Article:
Dozens of these wildlife species in NJ could be headed for extinction
The lives of more than 80 wildlife species in New Jersey are either in immediate danger or close to it.
Bobcats, bald eagles and multiple species of snake, sea turtles and birds should have a healthy presence in the Garden State, but they're struggling to survive, according to the latest endangered and threatened list from the state Division of Fish & Wildlife.
(Scroll down to see the endangered list)
The database describes endangered species as those whose prospects for survival in New Jersey are bleak "because of a loss or change in habitat, over-exploitation, predation, competition, disease, disturbance or contamination." Threatened species may become endangered if conditions around them begin to or continue to worsen.
Several species on New Jersey's list are endangered federally as well.
The piping plover, a small shorebird on both the state and national list, is considered "one of New Jersey's most endangered species," according to the division. "Without intense protection and management, it is unlikely that the piping plover would survive in New Jersey," the species description states.
Eric Stiles, president and CEO of New Jersey Audubon, said human overcrowding on the beaches is a major player in the demise of piping plovers in the Garden State.
Certain shore towns can swell to crowds of 250,000 on holiday weekends, he said. Fifty years ago, the influx of visitors was not as extreme.
"They're like camouflage," Stiles said of piping plovers. "When they're on their nest, you can walk right by them and you'd never see them."
Known to breed in northwestern New Jersey, the golden-winged warbler population status was changed from special concern to endangered in 2012. According to Stiles, New Jersey Audubon and other conservation groups are working with landowners to create "young forest" on which these birds rely.
The pesticide DDT was responsible for the dramatic decline of several bird species, including the raptors of the sky.
Nearly 50 years ago, there was just one nesting pair of bald eagles in New Jersey — in a remote forest of Cumberland County.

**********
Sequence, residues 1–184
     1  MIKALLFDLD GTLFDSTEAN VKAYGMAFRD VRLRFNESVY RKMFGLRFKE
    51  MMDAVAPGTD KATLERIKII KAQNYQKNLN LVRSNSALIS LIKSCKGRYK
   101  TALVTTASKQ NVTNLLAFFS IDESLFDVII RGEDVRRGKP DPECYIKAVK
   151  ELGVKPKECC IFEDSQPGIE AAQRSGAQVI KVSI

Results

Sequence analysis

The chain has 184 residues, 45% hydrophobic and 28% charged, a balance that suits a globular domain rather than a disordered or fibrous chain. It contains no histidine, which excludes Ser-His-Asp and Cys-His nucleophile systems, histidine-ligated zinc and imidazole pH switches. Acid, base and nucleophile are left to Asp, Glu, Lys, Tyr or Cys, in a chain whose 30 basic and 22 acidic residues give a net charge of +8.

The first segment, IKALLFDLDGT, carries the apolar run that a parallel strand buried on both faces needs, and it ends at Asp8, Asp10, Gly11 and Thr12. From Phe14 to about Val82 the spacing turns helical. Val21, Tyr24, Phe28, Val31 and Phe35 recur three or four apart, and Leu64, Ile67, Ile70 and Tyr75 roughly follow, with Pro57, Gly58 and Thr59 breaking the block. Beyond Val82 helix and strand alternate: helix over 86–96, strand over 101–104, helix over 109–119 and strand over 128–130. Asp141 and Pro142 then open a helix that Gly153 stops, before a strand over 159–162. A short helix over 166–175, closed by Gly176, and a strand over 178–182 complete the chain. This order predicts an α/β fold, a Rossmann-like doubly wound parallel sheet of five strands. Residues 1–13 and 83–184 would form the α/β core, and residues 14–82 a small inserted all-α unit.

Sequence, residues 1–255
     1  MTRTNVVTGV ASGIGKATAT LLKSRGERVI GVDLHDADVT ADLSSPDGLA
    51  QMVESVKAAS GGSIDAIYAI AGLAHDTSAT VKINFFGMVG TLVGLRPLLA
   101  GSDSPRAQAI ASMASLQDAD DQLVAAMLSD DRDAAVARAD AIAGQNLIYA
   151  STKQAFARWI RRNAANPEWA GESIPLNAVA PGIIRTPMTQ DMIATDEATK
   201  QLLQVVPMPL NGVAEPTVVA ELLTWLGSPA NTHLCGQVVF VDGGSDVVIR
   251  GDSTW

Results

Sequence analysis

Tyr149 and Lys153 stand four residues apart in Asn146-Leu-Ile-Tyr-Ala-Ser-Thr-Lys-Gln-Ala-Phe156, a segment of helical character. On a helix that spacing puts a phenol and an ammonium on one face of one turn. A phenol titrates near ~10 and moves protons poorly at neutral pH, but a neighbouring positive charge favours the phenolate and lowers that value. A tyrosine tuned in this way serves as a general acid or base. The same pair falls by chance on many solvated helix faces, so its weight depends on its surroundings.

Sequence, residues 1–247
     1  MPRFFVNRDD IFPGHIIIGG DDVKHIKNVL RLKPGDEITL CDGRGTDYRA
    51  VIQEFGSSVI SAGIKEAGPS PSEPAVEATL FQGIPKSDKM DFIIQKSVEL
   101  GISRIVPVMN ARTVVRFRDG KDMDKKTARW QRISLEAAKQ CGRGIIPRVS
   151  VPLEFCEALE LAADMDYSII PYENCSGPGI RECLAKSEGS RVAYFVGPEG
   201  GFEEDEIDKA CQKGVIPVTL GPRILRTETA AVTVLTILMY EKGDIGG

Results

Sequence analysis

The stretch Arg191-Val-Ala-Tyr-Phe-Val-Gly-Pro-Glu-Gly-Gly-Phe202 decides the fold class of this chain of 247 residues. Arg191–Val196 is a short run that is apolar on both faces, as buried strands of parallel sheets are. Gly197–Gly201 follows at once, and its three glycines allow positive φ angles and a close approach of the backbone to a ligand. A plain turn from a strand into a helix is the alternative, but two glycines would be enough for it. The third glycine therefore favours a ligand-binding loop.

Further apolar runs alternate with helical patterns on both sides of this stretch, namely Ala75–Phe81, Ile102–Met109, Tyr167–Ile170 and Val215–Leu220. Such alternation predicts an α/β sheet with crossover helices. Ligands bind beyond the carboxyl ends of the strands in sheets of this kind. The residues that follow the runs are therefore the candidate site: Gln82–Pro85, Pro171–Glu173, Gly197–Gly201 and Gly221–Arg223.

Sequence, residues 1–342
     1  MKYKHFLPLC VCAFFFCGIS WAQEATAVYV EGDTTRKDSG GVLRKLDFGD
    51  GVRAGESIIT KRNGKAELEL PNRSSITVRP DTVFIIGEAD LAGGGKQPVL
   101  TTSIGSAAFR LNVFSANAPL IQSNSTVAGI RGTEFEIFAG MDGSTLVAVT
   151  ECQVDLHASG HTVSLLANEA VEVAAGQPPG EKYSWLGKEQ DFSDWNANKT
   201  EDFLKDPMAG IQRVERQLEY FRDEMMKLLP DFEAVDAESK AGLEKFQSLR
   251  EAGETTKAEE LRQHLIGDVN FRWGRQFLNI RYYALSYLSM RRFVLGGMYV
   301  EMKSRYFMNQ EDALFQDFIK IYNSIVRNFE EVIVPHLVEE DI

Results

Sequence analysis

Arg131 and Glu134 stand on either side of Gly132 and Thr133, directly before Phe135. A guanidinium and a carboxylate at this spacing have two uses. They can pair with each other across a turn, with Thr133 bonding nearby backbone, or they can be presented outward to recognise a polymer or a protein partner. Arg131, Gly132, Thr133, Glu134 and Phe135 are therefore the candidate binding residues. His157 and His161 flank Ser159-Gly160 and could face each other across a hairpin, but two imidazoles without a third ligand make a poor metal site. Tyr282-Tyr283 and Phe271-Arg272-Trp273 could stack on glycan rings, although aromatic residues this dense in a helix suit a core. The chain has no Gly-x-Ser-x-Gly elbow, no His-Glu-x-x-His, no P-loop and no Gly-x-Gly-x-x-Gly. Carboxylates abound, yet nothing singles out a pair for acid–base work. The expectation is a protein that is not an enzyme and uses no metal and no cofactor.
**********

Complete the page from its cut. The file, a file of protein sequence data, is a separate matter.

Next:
But charitable efforts and pioneering biologists have rebounded bald eagles from the edge of extinction. According to the state, there are more than 150 nesting pairs in New Jersey.
Peregrine falcons, which became extinct east of the Mississippi River in the 1960s, now have 20 to 25 nests in New Jersey.
From about 60 pairs in the early 1970s, ospreys in New Jersey now have more than 500 nests.
All six whale species on New Jersey's endangered list are also endangered on the national level. The same goes for sea turtles.
Bob Schoelkopf, founding director of the Marine Mammal Stranding Center in Brigantine, said the center has interaction with a number of sea turtle species following propeller hits or entanglement in commercial fishing gear.
"The fact that people call us when they do see them, and we respond quickly, means the difference between life and death for the turtles," Schoelkopf said, noting the overharvesting of eggs by other countries was what landed sea turtles on the threatened and endangered lists in the first place.
While some species have managed to find their way off the lists, such as the great blue heron and Cooper's hawk, others may be years or months away from getting added.
David Wheeler, executive director of the Conserve Wildlife Foundation of New Jersey, said the population of bats has plummeted over the past decade, mainly due to a disease known as white-nose syndrome. Little brown bats and long-eared bats have been decimated the most, Wheeler said.
"That's a very scary and tenuous situation for so many reasons," he said. "Bats in New Jersey save us hundreds of millions of dollars that we would otherwise have to spend on additional pesticides and other chemical controls for our agriculture, because they eat so many insects."
Wheeler said each bat eats over 3,000 mosquito-size insects every night.
Currently, the Indiana bat is the only bat listed as endangered or threatened in New Jersey.
Visit the foundation's field guide to get an up-close look at New Jersey's most vulnerable species.
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Petaltail, gray (dragonfly)
Satyr, Mitchell's (butterfly)
Skipper, arogos (butterfly)
Skipper, Appalachian grizzled (butterfly)
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Contact reporter Dino Flammia at firstname.lastname@example.org.